Comparison of Changes in Metal Toxicity Following Exposure of Water with High Dissolved Organic Carbon Content to Solar, UV-B and UV-A Radiation

Authors

  • Susan Winch,

    Corresponding author
    1. University of Ottawa, Ottawa, ON, Canada
      *To whom correspondence should be addressed: Department of Earth Science, Marion Hall, University of Ottawa, 365 Nicholas Street, Ottawa, ON, Canada K1N 6N5. Fax: 613-562-5192; e-mail: swinch@science.uottawa.ca
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  • David Lean

    1. University of Ottawa, Ottawa, ON, Canada
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*To whom correspondence should be addressed: Department of Earth Science, Marion Hall, University of Ottawa, 365 Nicholas Street, Ottawa, ON, Canada K1N 6N5. Fax: 613-562-5192; e-mail: swinch@science.uottawa.ca

ABSTRACT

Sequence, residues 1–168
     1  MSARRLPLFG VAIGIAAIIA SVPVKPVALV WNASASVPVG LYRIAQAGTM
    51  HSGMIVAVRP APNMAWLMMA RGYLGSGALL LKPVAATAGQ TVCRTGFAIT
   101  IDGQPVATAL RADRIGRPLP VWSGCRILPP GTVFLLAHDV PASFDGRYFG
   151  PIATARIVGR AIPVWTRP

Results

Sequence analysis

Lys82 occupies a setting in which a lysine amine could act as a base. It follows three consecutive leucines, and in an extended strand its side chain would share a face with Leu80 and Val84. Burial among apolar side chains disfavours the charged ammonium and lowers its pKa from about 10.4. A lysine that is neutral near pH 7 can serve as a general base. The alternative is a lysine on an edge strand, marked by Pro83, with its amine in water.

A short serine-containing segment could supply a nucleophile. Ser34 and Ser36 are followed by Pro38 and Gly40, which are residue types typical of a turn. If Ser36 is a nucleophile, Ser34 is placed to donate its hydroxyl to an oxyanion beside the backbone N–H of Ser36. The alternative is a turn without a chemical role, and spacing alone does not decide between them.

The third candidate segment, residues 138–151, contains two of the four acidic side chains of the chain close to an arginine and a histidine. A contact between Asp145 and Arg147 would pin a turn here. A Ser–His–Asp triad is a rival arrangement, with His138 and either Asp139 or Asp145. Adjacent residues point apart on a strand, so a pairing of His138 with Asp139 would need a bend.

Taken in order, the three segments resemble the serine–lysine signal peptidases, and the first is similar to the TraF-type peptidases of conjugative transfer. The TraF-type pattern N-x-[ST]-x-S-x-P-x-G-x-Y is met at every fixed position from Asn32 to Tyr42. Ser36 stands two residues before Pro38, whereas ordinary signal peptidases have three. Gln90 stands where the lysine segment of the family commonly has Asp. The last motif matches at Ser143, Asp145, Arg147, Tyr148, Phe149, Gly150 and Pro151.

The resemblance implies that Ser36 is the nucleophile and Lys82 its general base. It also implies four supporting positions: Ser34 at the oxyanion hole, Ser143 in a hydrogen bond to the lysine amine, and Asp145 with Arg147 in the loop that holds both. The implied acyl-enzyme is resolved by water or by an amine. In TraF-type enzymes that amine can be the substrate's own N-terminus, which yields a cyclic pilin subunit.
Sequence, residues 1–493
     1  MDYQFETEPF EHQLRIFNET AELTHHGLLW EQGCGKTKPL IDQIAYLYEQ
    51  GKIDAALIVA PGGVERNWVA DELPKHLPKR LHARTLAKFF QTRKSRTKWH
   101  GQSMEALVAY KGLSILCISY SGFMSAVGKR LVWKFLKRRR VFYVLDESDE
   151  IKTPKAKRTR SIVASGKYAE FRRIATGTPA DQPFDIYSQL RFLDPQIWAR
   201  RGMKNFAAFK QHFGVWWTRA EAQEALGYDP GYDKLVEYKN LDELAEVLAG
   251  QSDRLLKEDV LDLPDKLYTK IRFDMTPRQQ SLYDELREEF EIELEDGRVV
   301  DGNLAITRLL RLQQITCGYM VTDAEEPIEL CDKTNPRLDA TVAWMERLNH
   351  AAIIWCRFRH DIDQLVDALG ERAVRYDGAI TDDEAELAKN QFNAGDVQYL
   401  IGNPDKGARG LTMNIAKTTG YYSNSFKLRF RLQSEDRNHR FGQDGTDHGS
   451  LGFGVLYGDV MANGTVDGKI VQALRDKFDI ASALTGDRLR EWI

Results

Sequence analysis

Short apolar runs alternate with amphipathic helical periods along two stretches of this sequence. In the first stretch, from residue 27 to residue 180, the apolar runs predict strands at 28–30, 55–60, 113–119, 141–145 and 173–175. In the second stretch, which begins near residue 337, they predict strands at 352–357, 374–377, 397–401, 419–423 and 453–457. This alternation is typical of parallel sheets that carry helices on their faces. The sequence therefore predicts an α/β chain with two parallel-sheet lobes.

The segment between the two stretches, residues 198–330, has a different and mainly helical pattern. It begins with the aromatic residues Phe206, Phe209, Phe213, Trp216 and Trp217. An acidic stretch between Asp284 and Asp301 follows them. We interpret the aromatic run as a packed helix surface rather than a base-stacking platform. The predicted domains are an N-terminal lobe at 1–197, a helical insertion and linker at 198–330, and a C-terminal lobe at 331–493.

This study examines the effects of natural solar radiation on the metal-binding capacity of dissolved organic matter (DOM). Newington Bog water (35.5 mg L−1 dissolved organic carbon [DOC]) was irradiated for 20 days under UV-B lamps in the laboratory and under natural solar radiation. In the presence of irradiated DOM, IC50 (contaminant concentration required to reduce algal growth by 50%) was significantly decreased with UV-B treatment for four metals: Pb, 64%; Cu, 63%; Ni, 35% and Cd, 40%. Solar radiation also significantly decreased IC50 of Pb (58%) and Cu (49%), DOC concentration (11%), DOM fluorescence (DOMFL, 33%) and DOC-specific UV absorbance. Further experiments on Raisin River water (20.7 mg DOC L−1) exposed to 20 days of artificial UVA and UV-B radiation produced significant decreases in IC50 for Cu (48%) with UV-A and for Pb (43%) with UV-B. DOC concentration was decreased 20% by UV-B and 24% by UV-A. DOMFL decreased 51.5% in the first 5 days of UV-A exposure, an effect that was not observed with the UV-B treatment. The UV-A treatment decreased UV absorbance more at longer wavelengths and over a broader wavelength band than did the UV-B treatment. Change in toxicity with UV irradiation was inconsistent among the metals tested in this study, indicating that some organic metal-binding ligands were more quickly removed or altered than others. The DOM remaining after irradiation appears to be qualitatively different from the unirradiated DOM. The much greater irradiance of UV-A makes its contribution to the removal and/or alteration of DOM at least as important as the influence of higher energy UV-B.

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